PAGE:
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Penny Fractions: A Tale of Two Music Co-ops

Hello everybody! If you enjoy this newsletter, please do recommend it to a friend, colleague, or long
Penny Fractions
Penny Fractions: A Tale of Two Music Co-ops
By David Turner • Issue #122 • View online
Hello everybody! If you enjoy this newsletter, please do recommend it to a friend, colleague, or longtime personal nemesis. The only promotion I do is within this newsletter introduction and on Twitter, so any sharing is much appreciated. If you’d like to give a few dollars, go to the Patreon here; otherwise, let’s dive into a couple of alternative models of approaching the record business.

Last year, I wrote an essay called ‘Nu-Music: A Gig Economy Solution’, which along with providing a history of certain aspects of the music business devoted much of its time to envisioning the future. That’s a bit of what I’d like to return to this week. Here’s an excerpt I wrote on Resonate
Resonate, a music streaming co-op founded by Peter Harris in 2016, exists in the middle-ground between music streaming and downloads. The co-op uses a “stream-to-own” model where the more one streams a song, the more the listener pays out to the artist until they completely own the song. The try-before-you-buy concept puts into action the post-Napster idea that people might listen to a song illegally but will likely end up buying it. Resonate removes the middle step so that every listen is slowly contributing to ownership. Harris, in the introductory blog post for the company, cites the global financial crash in 2008, the Occupy Wall Street movement and numerous examples of for-profit streaming services putting the desire of money over artists and fans, as a calling card for Resonate’s existence.  
The concept of Resonate is one that is very appealing to myself and others who are critical of the current music streaming models. However, even as someone who’s given money to use Resonate, I still struggle to see what niche gap the platform fills. The company’s business model exists between the iTunes store and a traditional music streaming platform (e.g. Spotify) and its assumption is that if someone is going to continue streaming a song, then after a certain point they should be able to own it. 
I’ve always found that this misunderstands just how much streaming shifted how people engage with music. Streaming’s ubiquity arrived alongside mass smartphone adoption. (Music streaming, as a format, is a couple of decades old but didn’t “save” the music industry when its chief platforms were MySpace or YouTube). The ability to stream and access all music from an always-online and constantly-by-your-side device helped reorient digital music consumption from the desktop to wherever desired.. A big reason for such adoption was that many streaming platforms are connected to either telecommunications companies (Tidal/Spring, JioSaavn/Reliance Jio Infocomm Limited) or large tech companies (Amazon, Apple, YouTube, etc.). In 2020, music streaming is an effective loss leader or minor money maker for many of these companies.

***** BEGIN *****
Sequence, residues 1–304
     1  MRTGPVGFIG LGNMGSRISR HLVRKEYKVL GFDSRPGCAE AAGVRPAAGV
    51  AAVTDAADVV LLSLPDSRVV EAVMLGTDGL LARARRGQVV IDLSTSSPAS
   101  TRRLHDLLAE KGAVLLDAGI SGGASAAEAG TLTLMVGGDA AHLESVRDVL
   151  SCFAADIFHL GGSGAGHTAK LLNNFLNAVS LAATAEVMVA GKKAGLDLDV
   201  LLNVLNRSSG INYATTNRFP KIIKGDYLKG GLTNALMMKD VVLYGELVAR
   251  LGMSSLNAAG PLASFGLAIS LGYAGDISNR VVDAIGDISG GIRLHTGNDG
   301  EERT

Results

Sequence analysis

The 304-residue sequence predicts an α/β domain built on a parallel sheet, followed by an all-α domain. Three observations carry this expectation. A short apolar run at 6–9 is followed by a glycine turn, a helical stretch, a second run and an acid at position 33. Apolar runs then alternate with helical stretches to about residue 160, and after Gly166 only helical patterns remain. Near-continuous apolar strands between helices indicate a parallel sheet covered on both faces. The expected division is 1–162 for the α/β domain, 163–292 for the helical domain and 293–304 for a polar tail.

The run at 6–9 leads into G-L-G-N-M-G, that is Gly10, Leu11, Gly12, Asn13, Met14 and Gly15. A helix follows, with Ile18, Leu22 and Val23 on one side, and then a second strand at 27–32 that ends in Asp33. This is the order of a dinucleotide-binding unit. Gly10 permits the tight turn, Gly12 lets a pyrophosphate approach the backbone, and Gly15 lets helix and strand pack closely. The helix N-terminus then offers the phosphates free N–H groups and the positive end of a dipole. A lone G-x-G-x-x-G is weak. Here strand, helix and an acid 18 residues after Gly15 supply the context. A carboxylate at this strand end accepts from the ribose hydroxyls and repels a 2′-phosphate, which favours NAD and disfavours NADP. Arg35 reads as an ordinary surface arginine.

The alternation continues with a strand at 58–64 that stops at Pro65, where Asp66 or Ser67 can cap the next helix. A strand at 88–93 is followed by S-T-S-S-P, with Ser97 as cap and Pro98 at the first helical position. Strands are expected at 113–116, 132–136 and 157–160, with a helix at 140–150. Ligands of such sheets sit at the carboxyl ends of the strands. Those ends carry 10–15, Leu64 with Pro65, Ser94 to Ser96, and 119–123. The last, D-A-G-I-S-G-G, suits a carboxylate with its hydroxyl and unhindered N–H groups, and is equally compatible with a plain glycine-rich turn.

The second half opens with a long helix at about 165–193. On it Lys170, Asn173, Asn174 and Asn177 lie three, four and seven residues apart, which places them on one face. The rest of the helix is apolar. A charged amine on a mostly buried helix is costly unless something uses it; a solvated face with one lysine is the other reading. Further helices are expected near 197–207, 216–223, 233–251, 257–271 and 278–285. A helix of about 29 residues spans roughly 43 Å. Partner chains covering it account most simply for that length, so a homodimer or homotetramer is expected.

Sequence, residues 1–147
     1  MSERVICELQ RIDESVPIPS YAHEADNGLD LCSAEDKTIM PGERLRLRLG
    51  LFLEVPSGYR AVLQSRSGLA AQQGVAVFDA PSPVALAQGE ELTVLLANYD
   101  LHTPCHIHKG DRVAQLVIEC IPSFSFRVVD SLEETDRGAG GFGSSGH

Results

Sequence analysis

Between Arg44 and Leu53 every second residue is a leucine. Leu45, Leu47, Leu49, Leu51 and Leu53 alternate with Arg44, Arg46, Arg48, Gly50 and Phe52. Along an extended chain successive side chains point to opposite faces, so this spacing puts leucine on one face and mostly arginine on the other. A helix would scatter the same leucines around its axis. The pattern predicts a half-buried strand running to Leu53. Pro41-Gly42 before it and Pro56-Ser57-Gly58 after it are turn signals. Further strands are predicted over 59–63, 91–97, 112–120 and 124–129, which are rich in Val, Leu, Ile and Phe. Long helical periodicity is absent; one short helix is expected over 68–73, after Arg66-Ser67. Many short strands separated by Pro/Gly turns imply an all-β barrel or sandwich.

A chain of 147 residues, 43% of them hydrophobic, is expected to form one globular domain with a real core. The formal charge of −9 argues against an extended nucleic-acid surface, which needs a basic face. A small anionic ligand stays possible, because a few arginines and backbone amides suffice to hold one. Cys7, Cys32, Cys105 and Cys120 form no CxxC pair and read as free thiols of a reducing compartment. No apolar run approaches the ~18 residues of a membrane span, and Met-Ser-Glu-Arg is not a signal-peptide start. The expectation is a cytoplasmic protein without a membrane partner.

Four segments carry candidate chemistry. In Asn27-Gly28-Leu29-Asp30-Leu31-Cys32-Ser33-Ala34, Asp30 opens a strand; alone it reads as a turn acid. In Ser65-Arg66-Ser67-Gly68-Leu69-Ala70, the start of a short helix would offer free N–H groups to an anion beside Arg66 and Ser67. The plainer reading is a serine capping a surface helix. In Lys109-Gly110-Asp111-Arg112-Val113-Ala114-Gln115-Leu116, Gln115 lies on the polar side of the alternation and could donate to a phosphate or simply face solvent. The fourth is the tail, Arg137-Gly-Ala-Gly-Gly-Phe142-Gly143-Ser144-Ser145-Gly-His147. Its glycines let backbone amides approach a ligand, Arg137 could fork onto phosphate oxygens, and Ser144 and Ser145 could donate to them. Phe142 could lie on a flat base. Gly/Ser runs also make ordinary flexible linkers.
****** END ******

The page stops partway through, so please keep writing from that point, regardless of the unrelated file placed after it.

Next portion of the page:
In early March, Resonate brought on a new member to its co-op board: Z, a co-founder of the Black Socialists of America. He wrote an introductory letter about his excitement for Resonate, which solidified a bit of my skepticism: 
Resonate deals with both “base and superstructure” at the micro-level, but with “macro” implications in a digital age characterized by “global interconnectedness” juxtaposed next to feelings of isolation and fragmentation; through this platform, we have an opportunity to not just counter the Neoliberal warping and commodification of human expression, but to truly redefine “community” within an arts context as well, and at a global scale that doesn’t feel bureaucratized or centralized, but rather stable and decentralized. 
The platform (be it Resonate, Spotify, YouTube, etc.) is not where I think the power ultimately lies within the current record industry. Rather, it rests, as it always has, in the labor of musicians. The labor that creates recordings that go onto streaming platforms, are heard in commercial advertisements and are performed on tours. The shift to digital didn’t really change the core issue with the record industry, which is the power of record labels to distribute and produce music without artists ever keeping a substantive slice of their work. (Kickstarter’s unionization opens a potential window into creator and platform worker cooperation but remains more hypothetical than realized.) 
‘Nu-Music’ covered the early 1940s American Federation of Musician strikes because musicians saw recordings as a threat to their ability to do live performances. To them, the solution wasn’t to take ownership of the recordings but simply to refuse recordings in an effort to say: “This practice is so antithetical to our livelihood, it must stop”. Resonate, even if artist-owned, does not offer a robust valternative to the status quo.
Why Not Give Labels...Another Chance
Earlier this year, musicians Christian Holden from The Hotelier and Chad Matheny from Emperor X hosted a YouTube live stream to discuss their new record label, Dreams of Field Recordings, which in its About page features three main bullet points to distinguish it from other independent labels: that it is non-profit, artist-owned, and aims to hold high transparency around how it handles its finances. 
This particular model sparked my interest not because it’s a noble idea but rather because of the vision that Holden K and Matheny have for the future of the project. Dreams of Field Recordings, rather than existing as a singular node of a few acts/bands, aims to eventually partner and build along with other artist-owned labels that could potentially create something that functions similarly to a union and create leverage within the broader industry as a more radical version of what exists with the Merlin group.